Objective: To describe the sequential occurrence of influenza A and B in a nursing home, and to determine the efficacy of influenza vaccine and/or amantadine treatment with respect to incidence and sequelae.
Setting: The Jewish Home and Hospital for Aged, a skilled-care nursing facility.
Participants: Of 499 frail older nursing home residents, 139 contracted influenza during the study period (mean age 87.5 years; SD = 6.7). The residents were followed from February through April 1988.
Intervention: Influenza vaccine and/or amantadine.
Measurements: Episodes of influenza and their sequelae, i.e., pneumonia, hospitalization, and death.
Results: The vaccine had no effect on the incidence of influenza-like illness, length of illness, or the associated death rate. It reduced the rate of pneumonia secondary to influenza A and B (relative risk = .57; 95% CI: .37 to .89; P = .023). Amantadine did not affect the attack rate of influenza nor the rate of pneumonia secondary to influenza. It was associated with decreased mortality (relative risk = 0; P = .001), and shorter length of influenza A illness (PWilcoxon = .082). Although the combination of amantadine and vaccine did not affect length of influenza (A or B) illness, it was associated with a significantly lower rate of sequelae (relative risk = .58; 95% CI: .36 to .95; P = .024).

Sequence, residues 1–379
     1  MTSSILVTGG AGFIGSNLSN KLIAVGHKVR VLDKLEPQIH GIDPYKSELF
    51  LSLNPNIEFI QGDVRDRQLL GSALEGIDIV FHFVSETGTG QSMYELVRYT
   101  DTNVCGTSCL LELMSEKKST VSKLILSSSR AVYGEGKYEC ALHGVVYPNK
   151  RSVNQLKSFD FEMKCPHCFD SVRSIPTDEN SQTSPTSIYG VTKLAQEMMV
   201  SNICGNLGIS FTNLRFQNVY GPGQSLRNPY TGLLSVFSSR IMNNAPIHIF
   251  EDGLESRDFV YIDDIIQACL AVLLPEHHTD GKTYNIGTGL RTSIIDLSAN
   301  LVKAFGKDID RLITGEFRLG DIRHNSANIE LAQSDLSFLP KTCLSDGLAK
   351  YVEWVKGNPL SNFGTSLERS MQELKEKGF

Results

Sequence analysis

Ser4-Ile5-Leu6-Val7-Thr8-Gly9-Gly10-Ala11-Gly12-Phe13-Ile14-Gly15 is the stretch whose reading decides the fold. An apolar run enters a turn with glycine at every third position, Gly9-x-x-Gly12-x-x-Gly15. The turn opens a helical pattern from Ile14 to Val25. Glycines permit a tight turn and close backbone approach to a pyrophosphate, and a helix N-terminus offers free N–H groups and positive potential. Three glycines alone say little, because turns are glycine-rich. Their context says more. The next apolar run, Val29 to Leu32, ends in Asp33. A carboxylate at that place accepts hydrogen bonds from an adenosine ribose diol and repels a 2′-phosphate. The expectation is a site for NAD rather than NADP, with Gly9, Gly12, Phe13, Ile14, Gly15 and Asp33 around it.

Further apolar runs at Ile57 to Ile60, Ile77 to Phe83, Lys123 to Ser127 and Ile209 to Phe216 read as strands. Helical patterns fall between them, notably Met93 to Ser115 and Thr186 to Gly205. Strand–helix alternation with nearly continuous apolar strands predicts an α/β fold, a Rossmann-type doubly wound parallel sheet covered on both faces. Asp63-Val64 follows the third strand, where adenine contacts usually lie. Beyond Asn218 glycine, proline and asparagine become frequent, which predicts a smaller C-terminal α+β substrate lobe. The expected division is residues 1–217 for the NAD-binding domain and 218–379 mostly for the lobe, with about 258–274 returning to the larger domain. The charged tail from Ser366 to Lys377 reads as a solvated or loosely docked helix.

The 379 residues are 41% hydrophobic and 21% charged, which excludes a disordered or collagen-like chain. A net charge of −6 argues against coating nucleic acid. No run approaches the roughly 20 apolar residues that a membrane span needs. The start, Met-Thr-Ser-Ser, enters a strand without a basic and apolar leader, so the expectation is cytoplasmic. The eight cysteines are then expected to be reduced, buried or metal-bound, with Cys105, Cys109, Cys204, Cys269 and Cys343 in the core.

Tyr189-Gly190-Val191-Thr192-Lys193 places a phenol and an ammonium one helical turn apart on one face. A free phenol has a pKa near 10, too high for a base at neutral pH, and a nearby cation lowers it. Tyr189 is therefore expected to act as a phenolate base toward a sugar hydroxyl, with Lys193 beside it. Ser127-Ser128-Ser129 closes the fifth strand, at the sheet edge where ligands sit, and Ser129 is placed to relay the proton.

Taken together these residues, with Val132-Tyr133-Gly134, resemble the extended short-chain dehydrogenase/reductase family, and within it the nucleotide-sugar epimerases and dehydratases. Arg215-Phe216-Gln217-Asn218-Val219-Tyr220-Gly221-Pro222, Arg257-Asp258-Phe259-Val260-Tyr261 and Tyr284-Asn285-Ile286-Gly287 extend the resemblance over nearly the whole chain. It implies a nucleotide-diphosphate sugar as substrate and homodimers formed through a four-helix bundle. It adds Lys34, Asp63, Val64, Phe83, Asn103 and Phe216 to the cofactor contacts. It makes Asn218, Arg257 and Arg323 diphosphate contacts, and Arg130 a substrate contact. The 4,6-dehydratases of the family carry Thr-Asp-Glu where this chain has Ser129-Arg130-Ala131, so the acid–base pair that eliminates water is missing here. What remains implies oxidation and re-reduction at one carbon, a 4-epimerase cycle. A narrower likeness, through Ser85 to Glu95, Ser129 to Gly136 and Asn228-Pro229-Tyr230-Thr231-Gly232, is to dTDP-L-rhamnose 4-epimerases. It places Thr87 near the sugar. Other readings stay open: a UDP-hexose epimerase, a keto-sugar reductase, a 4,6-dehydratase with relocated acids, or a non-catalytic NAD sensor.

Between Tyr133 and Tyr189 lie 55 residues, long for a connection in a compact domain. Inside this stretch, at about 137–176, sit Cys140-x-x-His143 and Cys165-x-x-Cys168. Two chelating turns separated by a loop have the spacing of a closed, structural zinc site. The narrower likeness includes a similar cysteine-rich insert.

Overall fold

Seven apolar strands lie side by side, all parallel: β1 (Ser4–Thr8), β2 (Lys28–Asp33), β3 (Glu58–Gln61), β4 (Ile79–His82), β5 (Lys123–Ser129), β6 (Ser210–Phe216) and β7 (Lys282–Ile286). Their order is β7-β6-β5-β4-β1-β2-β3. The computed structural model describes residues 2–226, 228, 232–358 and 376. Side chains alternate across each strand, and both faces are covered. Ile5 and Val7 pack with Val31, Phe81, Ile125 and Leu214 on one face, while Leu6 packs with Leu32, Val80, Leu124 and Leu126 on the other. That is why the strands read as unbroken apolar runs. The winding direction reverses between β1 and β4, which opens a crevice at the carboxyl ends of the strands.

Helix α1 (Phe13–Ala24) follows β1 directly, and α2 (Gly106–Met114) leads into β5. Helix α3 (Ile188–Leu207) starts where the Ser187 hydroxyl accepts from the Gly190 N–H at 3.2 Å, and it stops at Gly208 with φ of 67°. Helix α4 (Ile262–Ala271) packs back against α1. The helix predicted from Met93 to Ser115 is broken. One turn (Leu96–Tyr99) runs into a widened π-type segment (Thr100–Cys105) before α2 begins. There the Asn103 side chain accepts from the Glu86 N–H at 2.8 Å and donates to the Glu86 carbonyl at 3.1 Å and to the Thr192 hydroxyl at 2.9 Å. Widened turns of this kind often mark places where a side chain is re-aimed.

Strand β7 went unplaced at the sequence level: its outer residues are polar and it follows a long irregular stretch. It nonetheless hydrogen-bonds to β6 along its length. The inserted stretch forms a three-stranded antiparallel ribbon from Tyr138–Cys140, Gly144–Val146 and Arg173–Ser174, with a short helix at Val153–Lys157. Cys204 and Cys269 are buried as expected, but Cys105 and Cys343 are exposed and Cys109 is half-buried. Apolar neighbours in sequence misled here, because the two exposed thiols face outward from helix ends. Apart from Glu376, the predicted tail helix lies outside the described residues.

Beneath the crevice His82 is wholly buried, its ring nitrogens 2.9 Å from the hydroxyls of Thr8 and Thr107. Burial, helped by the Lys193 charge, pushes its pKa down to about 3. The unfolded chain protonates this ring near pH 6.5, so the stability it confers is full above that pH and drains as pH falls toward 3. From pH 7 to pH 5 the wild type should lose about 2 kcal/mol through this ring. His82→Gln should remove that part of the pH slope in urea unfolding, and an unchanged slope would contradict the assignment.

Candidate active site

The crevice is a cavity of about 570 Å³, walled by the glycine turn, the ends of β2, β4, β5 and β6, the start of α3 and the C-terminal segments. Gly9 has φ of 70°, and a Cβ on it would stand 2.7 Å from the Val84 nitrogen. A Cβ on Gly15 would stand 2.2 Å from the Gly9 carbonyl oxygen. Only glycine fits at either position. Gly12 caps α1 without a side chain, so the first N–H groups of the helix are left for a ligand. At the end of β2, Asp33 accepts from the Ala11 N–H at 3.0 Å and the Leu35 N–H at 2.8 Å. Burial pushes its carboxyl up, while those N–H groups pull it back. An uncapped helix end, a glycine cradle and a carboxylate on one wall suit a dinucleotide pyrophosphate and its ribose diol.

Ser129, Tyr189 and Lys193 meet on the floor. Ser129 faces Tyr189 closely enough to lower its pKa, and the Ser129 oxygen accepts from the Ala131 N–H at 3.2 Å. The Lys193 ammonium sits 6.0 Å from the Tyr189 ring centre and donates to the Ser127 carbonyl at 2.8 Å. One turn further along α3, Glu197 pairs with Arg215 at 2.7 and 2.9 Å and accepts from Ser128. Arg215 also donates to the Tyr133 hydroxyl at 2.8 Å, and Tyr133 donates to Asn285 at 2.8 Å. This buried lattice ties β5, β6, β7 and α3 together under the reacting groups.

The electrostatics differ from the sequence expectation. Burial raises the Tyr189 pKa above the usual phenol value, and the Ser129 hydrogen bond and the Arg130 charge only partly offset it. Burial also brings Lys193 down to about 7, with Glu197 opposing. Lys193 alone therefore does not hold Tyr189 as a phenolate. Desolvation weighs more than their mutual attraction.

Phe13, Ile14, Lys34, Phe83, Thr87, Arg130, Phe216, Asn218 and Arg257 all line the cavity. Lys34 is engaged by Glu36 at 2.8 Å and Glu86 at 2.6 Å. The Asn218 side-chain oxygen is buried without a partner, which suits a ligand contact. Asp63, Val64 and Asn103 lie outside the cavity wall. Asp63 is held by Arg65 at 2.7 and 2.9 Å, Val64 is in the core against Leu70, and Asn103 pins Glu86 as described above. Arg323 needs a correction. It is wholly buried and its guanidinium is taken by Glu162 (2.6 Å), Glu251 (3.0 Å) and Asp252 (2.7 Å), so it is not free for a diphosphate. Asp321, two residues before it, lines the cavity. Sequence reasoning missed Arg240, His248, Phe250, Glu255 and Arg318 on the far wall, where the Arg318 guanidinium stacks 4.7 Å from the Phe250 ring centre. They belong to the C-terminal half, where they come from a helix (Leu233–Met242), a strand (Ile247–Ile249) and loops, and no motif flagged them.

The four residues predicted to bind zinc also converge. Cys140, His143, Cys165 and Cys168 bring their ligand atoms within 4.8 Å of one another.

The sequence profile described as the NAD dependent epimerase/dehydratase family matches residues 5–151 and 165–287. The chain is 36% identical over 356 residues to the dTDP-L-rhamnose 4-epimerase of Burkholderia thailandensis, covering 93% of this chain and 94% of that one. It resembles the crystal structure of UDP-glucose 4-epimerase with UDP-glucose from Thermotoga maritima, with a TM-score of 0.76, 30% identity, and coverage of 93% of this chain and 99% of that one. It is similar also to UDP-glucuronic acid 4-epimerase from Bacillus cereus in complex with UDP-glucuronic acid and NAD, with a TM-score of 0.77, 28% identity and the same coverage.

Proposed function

Conclusion: In this epidemic, the combination of amantadine and vaccine was most effective in reducing the rate of influenza-associated sequelae. The possibility of a "biphasic" epidemic prompts consideration of vaccinating nonimmunized nursing home residents, even though it may be late in the influenza season.